LYME, N.Y. (WWTI) — The Lyme Central School District has initiated its mascot change.
In a memorandum in late January 2022, Lyme Central School District Superintendent Cammy J. Morrison announced that the District will begin steps to changing its “Indians” mascot, logo and nickname.
According to Morrison, this official change is following requests from the National Congress of American Indians and developments in New York State.
“While I understand there will be a plethora of views and emotions shown for and against a mascot change, we too must recognize and consider what actions and behaviors are socially acceptable and appropriate in current times,” Morrison said in her memorandum.
Superintendent Morrison previously issued a message to the District’s families in October 2021 regarding communication the District received from the NCAI.
This communication read:
On behalf of the National Congress of American Indians, I am writing in respone to a request for assistance that we received from a member of the Lyme Central School community regarding the district’s use ot its “Indians” mascot. This individual asked in NCAI would provide school and sistrict adminsitrators with some general information about the facts concerning the harms cause by the continued use of Native “themed” mascots in sports and popular culture…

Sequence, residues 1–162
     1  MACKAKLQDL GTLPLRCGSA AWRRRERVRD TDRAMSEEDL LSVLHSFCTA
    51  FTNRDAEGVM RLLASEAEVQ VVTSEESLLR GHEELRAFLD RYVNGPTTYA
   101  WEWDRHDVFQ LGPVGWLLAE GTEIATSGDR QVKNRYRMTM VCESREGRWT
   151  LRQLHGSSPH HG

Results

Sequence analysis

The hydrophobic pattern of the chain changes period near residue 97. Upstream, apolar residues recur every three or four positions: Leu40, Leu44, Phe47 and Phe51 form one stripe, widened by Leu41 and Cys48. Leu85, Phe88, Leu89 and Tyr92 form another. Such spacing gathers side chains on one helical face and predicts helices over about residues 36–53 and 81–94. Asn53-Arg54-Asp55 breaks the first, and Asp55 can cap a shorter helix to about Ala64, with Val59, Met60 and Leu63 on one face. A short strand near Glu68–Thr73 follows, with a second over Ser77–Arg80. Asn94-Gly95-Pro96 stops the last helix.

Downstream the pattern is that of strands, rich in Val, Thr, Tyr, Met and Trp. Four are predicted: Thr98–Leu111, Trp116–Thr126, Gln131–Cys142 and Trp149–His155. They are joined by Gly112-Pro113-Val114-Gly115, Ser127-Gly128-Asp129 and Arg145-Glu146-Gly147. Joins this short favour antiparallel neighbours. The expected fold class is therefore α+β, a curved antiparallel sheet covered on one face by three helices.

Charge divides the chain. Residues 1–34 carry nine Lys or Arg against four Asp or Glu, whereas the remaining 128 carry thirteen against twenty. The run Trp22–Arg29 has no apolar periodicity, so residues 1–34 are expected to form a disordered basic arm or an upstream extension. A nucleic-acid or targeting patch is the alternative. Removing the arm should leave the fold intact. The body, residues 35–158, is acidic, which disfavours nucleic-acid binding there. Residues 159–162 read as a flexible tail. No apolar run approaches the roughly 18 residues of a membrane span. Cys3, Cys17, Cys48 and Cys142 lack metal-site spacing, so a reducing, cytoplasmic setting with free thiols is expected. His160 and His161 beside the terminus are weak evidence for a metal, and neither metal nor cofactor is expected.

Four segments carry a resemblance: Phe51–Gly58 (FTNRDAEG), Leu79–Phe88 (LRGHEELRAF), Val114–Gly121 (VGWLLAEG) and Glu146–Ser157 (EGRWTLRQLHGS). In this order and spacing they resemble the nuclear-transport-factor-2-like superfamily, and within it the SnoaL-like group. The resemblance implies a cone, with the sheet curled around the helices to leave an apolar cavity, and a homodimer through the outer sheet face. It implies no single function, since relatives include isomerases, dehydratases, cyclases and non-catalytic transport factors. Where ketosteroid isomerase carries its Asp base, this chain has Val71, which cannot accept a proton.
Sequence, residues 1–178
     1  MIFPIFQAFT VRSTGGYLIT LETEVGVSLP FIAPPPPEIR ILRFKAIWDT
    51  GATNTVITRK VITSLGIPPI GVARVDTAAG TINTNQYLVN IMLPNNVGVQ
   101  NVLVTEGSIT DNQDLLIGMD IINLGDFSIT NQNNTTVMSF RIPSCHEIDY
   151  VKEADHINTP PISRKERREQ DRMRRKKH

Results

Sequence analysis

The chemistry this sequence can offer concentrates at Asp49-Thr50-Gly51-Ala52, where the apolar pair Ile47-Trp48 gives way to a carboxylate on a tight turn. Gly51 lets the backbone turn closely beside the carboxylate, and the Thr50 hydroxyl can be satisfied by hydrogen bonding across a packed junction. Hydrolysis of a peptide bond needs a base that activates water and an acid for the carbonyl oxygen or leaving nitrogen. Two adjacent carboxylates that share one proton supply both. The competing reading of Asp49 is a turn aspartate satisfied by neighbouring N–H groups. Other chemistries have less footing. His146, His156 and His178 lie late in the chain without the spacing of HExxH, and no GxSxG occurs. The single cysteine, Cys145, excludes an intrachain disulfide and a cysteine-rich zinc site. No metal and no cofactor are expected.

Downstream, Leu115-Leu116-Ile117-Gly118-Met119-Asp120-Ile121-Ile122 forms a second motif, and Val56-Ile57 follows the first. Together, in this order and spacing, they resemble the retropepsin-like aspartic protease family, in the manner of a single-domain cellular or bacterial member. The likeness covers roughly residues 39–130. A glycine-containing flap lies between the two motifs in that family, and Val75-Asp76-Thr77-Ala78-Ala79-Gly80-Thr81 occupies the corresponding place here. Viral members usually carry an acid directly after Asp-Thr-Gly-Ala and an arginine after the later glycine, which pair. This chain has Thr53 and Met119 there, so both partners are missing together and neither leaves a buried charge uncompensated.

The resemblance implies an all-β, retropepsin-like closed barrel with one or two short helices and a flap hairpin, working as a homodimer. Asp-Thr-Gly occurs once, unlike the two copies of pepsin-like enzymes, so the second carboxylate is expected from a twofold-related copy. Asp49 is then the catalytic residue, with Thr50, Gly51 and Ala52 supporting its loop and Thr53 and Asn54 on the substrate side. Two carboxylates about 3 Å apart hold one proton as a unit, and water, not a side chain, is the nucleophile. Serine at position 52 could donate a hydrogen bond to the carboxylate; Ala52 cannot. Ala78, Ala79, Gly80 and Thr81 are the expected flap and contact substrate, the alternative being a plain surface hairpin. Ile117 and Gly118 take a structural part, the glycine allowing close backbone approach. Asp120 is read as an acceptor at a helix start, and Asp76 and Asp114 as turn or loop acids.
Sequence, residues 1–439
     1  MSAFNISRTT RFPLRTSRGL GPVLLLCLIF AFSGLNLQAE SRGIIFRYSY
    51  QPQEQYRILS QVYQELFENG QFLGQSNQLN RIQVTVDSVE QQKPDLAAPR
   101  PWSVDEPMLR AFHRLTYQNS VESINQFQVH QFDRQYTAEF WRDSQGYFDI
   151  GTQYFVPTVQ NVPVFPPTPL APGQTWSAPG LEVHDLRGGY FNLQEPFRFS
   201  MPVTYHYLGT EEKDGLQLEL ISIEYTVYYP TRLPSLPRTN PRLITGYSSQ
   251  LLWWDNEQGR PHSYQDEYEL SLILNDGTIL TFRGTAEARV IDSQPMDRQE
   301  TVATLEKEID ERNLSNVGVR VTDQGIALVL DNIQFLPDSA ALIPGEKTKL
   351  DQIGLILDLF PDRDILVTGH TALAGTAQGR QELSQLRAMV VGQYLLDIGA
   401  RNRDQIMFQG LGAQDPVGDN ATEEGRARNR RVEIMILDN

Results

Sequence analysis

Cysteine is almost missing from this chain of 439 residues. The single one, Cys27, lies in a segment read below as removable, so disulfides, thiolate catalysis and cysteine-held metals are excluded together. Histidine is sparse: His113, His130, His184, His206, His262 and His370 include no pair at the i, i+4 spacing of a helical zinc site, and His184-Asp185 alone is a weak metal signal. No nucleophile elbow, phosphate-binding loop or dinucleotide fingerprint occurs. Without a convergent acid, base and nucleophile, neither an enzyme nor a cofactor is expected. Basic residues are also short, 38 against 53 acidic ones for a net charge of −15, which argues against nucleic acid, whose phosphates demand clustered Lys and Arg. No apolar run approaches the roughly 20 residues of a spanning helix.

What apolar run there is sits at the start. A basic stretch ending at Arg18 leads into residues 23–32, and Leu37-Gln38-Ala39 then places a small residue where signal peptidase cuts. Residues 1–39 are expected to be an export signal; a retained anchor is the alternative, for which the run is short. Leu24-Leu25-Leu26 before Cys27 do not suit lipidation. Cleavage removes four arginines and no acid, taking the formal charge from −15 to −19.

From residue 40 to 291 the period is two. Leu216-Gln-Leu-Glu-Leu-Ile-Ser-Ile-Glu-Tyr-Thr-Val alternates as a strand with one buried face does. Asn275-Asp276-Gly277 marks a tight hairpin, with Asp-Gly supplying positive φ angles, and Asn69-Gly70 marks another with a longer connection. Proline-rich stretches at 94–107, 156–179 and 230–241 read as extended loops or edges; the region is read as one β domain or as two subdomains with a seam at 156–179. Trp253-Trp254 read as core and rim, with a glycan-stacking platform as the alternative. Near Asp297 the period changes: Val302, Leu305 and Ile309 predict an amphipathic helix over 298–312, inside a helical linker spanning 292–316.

Morrison also shared in her memorandum recent developments regarding the use of Native American mascots that have occurred in recent months, looking at how avoiding a mascot change could affect the Lyme Central School District.
Specifically, on August 23, 2021, New York State issued a stay order against the Cambridge Central School District over its decision to rescind a Board decision to remove a Native American mascot and logo. Then on November 29, The Commissioner of Education issued her final decision on the logo, stating to “end the use of Native American mascots as soon as practical.”
The Education Commissioner also said that if the Native American mascot and logo was not removed, the Cambridge School District would face consequences, which included, but was not limited to, the potential loss of state aid.
Lyme Superintendent Morrison said that while this directive from the Commissioner was “a compelling enough reason to impose a mascot change,” she suggested that the District should change Lyme’s mascot regardless.
“Making this change, at this time, clearly demonstrates our mutual respect for all diverse groups inside and outside of the community,” Morrison expressed.
“It is not in the best interest of the district to wait until the Commissioner specifically directs Lyme Central to comply,” Morrison added. “I believe that resisting this change will be a failure to embrace the opportunity that is before us as a school and a community.”
The Lyme Central School District will now be engaging with the local community and interested stakeholders to discuss a logo, mascot and nickname change. It will also be accepting ideas from students to identify new ideas.
A timeline for this change has yet to be released.